What can I do about the worm casts on my lawn?

By | 04/03/2012
Worm cast in a lawn

Worms work their way through the soil, breaking down organic matter. A worm cast occurs on the surface of the soil and is a small mound of muddy soil ejected from the digestion system of some species of these earthworms. Some lawns can have a large amount of worm activity.

Worm activity in the winter can be a problem for many types of lawns. If you are the proud owner of a fine, ornamental lawn, worm casts may spoil the look and cause it to become lumpy and uneven. If you use your lawn as an additional room of the house enjoy the outdoors, then worm casts in autumn and winter can be a problem. They are stepped in, causing a muddy patch, and the mud can be trampled into the house or spoil your new shoes. These patties of soil are also fantastic seed beds for weeds, moss and all the other nasties that you have been spending all the previous year trying to eliminate!

An earthworm on a lawn
An earthworm

Worm casts on your lawn

The problem is that worms are great for your soil. They make their way through the soil, digesting the goodness and breaking down organic matter. They also create channels in the soil which helps to aerate the soil. We really don’t want to kill the worms, or stop them from performing their valuable service on your soil.

By regularly inspecting your lawn and just sweeping away worm casts as you find them will tackle the problem. Once a week, walk your lawn. Using a stiff household broom or a long flexible cane, simply brush the casts aside. This will spreading out the topsoil which has been pushed to the surface. This will allow the grass beneath to poke through and see the sun. Done regularly, this will help keep your lawn looking smooth throughout the winter months.

There are some worm control products available on the market, but I don’t recommend them as they can harm worms.

Kris Lord

6 thoughts on “What can I do about the worm casts on my lawn?

  1. Michael Maxwell

    I cannot let my grass grow longer as my problem is on a bowling green.

    1. Kris Lord Post author

      A bowling green is a sports surface, not a domestic lawn.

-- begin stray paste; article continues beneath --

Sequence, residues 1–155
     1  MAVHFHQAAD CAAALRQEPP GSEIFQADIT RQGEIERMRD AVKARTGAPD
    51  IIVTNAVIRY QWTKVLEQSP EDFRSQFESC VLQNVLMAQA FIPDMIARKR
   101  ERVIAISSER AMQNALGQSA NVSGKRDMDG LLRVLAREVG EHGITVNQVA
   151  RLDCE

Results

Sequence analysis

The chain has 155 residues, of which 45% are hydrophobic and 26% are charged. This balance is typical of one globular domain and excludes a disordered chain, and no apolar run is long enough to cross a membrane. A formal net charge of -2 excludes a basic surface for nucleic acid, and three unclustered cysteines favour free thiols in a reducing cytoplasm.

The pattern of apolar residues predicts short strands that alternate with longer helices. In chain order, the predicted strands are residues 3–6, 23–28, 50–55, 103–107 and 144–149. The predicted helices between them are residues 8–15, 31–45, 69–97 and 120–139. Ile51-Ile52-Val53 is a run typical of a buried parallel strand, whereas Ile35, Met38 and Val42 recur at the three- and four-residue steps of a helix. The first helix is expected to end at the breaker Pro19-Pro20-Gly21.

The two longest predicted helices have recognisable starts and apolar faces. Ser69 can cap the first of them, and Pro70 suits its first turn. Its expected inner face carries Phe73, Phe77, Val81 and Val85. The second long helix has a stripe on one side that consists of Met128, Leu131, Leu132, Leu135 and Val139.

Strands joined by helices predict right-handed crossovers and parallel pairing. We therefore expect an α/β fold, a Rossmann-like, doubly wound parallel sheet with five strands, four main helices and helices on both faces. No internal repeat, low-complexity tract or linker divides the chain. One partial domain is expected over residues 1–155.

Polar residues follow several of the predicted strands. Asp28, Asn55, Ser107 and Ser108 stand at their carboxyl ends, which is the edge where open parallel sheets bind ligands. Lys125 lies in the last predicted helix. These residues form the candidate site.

Try using a dew switch for greens worm cast control.

  2. Michael Maxwell

    Our regular greensman moved house ( and our bowling club ) 2 years ago. Since then after many abortive attempts to employ a new one, the job was foisted upon myself. The worm problem, which has always been with us, has now become much, much worse. I am only an amateur greensman and need help to improve the state of our green. Any advice would be very welcome.

    1. Kris Lord Post author

      Hi Michael,
      Greens maintenance is different to domestic lawns as you are aiming for a smooth, hard playing surface not just healthy grass.
      Worm cast control is always difficult on greens as there are no chemical controls available any more.
      I recommend the old fashioned of “switching” the lawn. Google “dew switch”. This is a rather labour-intensive method of sweeping the lawn, but it will give you a good surface and control the casts when done in the right conditions.
      Good luck!
      The Lawn Man

  3. Phil Sykes

    Whilst I appreciate that worms are meant to be helpful for soil, in many cases (sadly) this is not the case for many lawns. I have battled with lawn worms year after year and have finally had to concede defeat. Worms (when plentiful) on a general “utility” type lawn are a disaster. During late autum when the lawn remains damp, wormcasts cannot be brushed away. On a lawn where regular access is required the surface can become a mudfield. Once the cold and damp /wet season is over the renovation job begins. When i get the lawn back to a reasonable condition, it’s time for the worms again. I give in!!

    1. Kris Lord Post author

      Let your lawn grow a lot longer during the autumn and winter, it will allow the worms to do their important work and they won’t bother you so much.


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